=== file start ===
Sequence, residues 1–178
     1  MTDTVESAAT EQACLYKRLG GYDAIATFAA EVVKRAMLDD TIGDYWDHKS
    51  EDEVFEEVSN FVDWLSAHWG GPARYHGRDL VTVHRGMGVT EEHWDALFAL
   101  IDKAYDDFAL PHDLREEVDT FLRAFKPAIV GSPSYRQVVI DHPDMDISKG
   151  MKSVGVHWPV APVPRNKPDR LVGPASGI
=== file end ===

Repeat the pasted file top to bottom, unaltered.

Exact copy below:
Sequence, residues 1–178
     1  MTDTVESAAT EQACLYKRLG GYDAIATFAA EVVKRAMLDD TIGDYWDHKS
    51  EDEVFEEVSN FVDWLSAHWG GPARYHGRDL VTVHRGMGVT EEHWDALFAL
   101  IDKAYDDFAL PHDLREEVDT FLRAFKPAIV GSPSYRQVVI DHPDMDISKG
   151  MKSVGVHWPV APVPRNKPDR LVGPASGI